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Wednesday, March 30, 2016

Children Learn About Dementia, Alzheimer's: School, Family Support (Video 3:51)



An educator who has been actively involved with introducing children to the nursing home world and dementia for many years, I have always been impressed with the sensitive ways they embrace knowledge about this disease. Too often children’s comprehension levels are underestimated by adults. When explained to them in age-appropriate ways that support them in their learning, children are generally capable of understanding many important and unusual situations.

Trips with children (elementary-middle) to nursing homes followed a great deal of preparation that was integrated into the regular curriculum. This form of teaching-learning is called service-learning. During nursing home visits, I witnessed children's enthusiasm when older adults sang with them, even when a few residents fell asleep or looked dazed. Although these words were not on the statewide school assessment test, “dementia” and “diversity” became cool words on our classroom vocabulary list. They further described the human family in which everyone is connected and respected. When I led my class to leave a nursing home one day, a woman reached for my hand and licked it a few times. It was a child who calmly reassured the class, “It’s okay. She has dementia.” My pleased mind did an aha dance.


Dementia and Alzheimer’s are topics that many adults avoid. This leaves children at a serious disadvantage in terms of being informed about them and in seeing adults modeling positive, proactive, dementia-related behaviors. By engaging children with information about these topics at school and at home, adults can impact future generations of healthcare recipients, service providers, and caregivers. Listening to young people’s concerns and encouraging them to become involved are major steps toward transformation. Family discussions can be helpful for everyone, particularly as more family members are becoming caregivers for loved ones with cognitive decline.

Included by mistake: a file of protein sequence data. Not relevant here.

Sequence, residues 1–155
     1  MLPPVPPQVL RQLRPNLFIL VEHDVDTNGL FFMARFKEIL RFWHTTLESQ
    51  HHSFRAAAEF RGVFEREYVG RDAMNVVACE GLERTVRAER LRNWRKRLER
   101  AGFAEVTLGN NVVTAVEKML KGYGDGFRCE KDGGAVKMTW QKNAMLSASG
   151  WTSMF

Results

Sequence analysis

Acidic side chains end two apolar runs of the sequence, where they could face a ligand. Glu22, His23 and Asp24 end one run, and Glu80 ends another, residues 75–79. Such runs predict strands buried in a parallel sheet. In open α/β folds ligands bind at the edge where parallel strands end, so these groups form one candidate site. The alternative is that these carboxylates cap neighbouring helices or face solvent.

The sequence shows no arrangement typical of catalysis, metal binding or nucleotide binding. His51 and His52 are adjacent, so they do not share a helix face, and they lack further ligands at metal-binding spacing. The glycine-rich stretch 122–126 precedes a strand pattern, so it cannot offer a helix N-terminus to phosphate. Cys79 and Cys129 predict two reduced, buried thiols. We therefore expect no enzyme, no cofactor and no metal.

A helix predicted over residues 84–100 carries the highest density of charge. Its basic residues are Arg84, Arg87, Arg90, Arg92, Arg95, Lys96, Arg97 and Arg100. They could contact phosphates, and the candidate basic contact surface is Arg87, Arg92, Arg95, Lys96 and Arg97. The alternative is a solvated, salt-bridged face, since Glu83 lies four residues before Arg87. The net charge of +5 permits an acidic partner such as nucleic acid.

Children have meaningful stories to tell that can help others understand their candid and sincere perspectives. Meet Dan, a boy who shares his heartfelt story about his Nan before and after she developed dementia. He explains his confusion and distress when he didn’t know what was happening to her. Now, he has learned more about the disease and enjoys visiting her at the nursing home. Dan has adjusted to his new Nan, one of his “most important people.” Many say, “It takes a whole village to raise a child.” But it also takes a whole village to make a village whole.


Tribute to a Nun with Alzheimer’s Dementia

At the link below, you can read my tribute to a nun who positively impacted my life as a child and later died from Alzheimer’s disease.

Becoming Dead Right: A Hospice Volunteer in Urban Nursing Homes is available in paperback and e-book editions in America and other countries at online and offline booksellers.

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